It doesn’t work if the indie author who uses you as a main character is a crap writer. They are out there. You know the ones. They upload their NaNo novels to Kindle Direct Publishing at 12:01am on December 1st, in all its typographically inept, unedited glory.

It also doesn’t work if you aren’t familiar with the genre that author writes in. If you want to establish your reputation for hard sci-fi by being a fictional character, you probably don’t want that novel written by someone who specializes in Brony snuff stories.

Because either you end up a bright pink pony with wings and a short life span, or said author stretches to write something more firm and sci-fiish, only to overextend themselves and injure your rep.

So in order to ensure you’re painted as the knight in shimmering armor that you wish to be portrayed as (literally or figuratively), you need to start buying and reading indie books to find that rare gem of an author who has the gravitas and the flare for words that can do your ego justice.

It’s a win-win for the indie community.

Unless you have a huge ego, like mine. Then you have a very long, potentially very expensive search ahead of you.

This is the burden of the huge ego. Alienates people and it’s surprisingly heavy.

There is, of course, a potential drawback to this approach to establishing a fan base.

I speak, of course, of publishing success.

Not your success. If you were successful, you wouldn’t be attempting this harebrained scheme.

I speak of your doppelgänger’s author’s success.

The fictional version of you might appear in an amazingly crafted novel.

A book full of prose and plot twists that make your own writing look like the scribbles of a monkey in the throes of a bad acid trip dipping its finger in its own feces to write.

In this scenario, the book starring your fictional alter-ego takes off, becomes a series, spawns several successful spinoffs starring your alter-ego’s friends, enemies, and pets, and eventually wins the Nobel prize for Literature and Peace.

Two years in a row.

This leads to fame and the showering of untold riches upon your chosen author, while your literary accomplishments languish in relative obscurity, a mere footnote in the Wikipedia entry trumpeting your alter-ego’s creator.

But wait, it gets worse.

Movie deals. A TV series. A gone-to-seed, overweight Charlie Sheen is pulled out of retirement-exile and cast as you, his portrayal making everyone in the television-viewing world think you are an insufferable ass.

But wait, it gets worser.

Despite your character being universally hated, the other characters in the series are popular, and with the inevitable stream of fanfic slash stories that follow, humiliations galore are dumped upon your once good, but now forever sullied name.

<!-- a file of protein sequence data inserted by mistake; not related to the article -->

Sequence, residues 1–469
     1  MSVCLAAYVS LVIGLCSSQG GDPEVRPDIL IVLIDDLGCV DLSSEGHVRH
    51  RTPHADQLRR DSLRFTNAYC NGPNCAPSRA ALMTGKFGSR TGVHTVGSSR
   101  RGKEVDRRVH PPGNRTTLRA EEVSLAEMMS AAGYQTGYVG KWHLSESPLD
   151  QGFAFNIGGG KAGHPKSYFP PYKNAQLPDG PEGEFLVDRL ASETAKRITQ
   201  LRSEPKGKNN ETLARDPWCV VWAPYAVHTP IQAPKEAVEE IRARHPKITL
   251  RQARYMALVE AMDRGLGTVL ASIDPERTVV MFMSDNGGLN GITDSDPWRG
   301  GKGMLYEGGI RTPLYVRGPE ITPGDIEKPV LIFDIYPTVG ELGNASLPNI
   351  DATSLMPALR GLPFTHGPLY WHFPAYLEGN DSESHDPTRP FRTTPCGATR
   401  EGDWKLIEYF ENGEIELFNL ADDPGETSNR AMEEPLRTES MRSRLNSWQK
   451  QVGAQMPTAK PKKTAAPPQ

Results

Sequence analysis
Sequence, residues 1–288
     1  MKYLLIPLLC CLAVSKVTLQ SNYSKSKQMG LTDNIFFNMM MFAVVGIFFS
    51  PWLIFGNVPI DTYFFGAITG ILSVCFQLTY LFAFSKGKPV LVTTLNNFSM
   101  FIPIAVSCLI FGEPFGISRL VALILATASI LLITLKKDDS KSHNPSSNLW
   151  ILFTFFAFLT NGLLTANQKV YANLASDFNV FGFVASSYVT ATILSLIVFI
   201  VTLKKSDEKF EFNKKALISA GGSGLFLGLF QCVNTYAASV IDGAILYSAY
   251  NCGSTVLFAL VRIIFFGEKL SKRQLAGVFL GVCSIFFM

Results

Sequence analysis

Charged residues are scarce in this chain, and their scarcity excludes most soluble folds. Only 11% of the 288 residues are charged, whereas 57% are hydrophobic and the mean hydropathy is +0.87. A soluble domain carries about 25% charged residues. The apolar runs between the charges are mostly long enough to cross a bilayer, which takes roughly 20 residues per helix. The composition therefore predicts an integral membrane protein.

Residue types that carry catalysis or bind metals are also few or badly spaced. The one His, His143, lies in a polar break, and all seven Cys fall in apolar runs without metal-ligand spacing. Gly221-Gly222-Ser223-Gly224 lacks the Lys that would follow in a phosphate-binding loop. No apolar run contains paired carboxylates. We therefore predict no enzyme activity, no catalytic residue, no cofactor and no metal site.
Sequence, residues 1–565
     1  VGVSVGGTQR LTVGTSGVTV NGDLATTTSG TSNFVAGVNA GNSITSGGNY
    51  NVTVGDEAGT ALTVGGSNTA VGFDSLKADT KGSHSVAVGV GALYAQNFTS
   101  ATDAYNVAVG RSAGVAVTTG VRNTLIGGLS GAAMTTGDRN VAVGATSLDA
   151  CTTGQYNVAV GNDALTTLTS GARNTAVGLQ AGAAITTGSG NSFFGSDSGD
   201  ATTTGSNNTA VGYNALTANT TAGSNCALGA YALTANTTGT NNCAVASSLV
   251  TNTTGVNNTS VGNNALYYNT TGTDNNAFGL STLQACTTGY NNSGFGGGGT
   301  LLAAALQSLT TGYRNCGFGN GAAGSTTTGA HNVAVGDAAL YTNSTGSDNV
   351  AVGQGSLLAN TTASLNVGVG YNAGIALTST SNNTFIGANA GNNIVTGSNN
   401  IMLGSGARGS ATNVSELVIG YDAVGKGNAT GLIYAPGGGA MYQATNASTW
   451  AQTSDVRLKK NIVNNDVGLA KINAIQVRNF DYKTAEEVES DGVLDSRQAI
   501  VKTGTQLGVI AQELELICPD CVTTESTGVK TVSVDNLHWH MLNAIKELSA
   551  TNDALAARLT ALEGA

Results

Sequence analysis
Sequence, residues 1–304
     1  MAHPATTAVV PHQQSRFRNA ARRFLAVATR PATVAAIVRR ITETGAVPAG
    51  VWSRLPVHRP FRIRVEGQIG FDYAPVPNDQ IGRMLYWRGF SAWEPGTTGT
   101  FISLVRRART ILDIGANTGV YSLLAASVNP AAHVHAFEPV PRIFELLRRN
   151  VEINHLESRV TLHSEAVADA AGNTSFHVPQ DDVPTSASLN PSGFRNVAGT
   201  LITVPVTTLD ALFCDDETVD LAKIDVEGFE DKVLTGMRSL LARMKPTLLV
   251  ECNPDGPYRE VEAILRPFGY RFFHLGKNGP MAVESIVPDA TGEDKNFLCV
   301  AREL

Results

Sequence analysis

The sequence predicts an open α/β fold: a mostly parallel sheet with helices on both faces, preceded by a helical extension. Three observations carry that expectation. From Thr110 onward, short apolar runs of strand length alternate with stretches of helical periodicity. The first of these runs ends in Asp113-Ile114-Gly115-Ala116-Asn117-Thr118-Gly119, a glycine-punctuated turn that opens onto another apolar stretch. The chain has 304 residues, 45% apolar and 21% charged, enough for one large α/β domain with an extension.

If you aren’t into some freaky weird stuff already, you might as well get into it, because once the slashers are done with you, everyone will think you’re a sick bastard with a kink for being tied up and violated with Mentos and Diet Coke.

But wait, it gets worstener.

Someone writes a fanfic story based on the characters in the book about the fictional you, and then changes all the names (but not by much, Ivan M. Dugley), gets a publishing deal, and despite the sheer, mind-numbing craptitude of the writing, it’s a best seller.

On second thought, never mind. Doing this on my own doesn’t seem so bad after all.

And now, a word from our sponsor: me!
 
My books are available!

Marlowe and the Spacewoman:

Marlowe and the Spacewoman

Kleencut (FREE!):

So bad it won a Voidy for the next THREE consecutive years (would have been FOUR, but 2012 was a leap year)

 
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Posted by on 8 August 2012 in Fanfic, NaNoWriMo, Writing

 

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Death of a traditional dream?

At what point do we give up?

At what point is it no longer healthy for us to pursue a path that isn’t leading to the desired destination?

I ask this question because of something that happened to me last night.

After a long and fruitless search, late last year I decided that I would give myself till the end of 2011 to find an agent and/or editor for my book Marlowe and the Spacewoman. If I didn’t find a route through traditional publishing, then come 2012, I was going to self publish.

I made a huge final push to find an agent or editor. There has been some interest, but nothing definitive yet. And now, halfway through the year, I’m pretty much resigned to the idea of self-publishing.

(I know, I know, the indie publishing scene is thriving and growing. The stigma of self publication is fading. But it’s hard to make the adjustment to the idea of the self-publishing model when for years your dream has been of the traditional publishing model.)

Last night I got together with one my critique groups for the first time in almost a year. And when I mentioned this plan to self publish, one of the members shook her head and said, in effect, your book has something to it and you should be able find an agent.

(There it is, the self-publishing stigma.)

And suddenly I doubted my plan. The stigma of self publication seems to be receding a little bit, but that could merely be the self-serving perspective of the indie authors I hang out with and follow on twitter.

There are arguments for and against self-publishing. There is one more than one treatise on why self publication is actually better for an author who has any business savvy. (And a pre-existing huge fan base, by the way.)

There is a sense of optimism amongst the indie authors I know that things are changing.

But there’s also that stigma. I’m not saying there are no quality self published books out there. There are.

Unfortunately, there’s also a lot of crap.

So what do I do? I’m getting tired of trying to find an agent. I’ve queried well over 100 well over – I know 100 itself is a small number). I’ve done the research route, you know, making sure you find the right agent to query. I’ve done the dance, I’ve jumped through the hoops, and I’m about as far as I can go without a positive response.

I’m not saying that self-publishing is giving up. My question here is: at what point should I give up on traditional publishing? At least for this book?

Yes, I had a moment of doubt last night, but right now I’m still sticking with the plan. I have one nibble at this point that hasn’t played out yet. All my other queries have you resulted in outright rejection or, even more frustrating, silence.

So I’m sticking with my plan despite my fellow critique partner’s reservations.

I just wish it didn’t feel like giving up.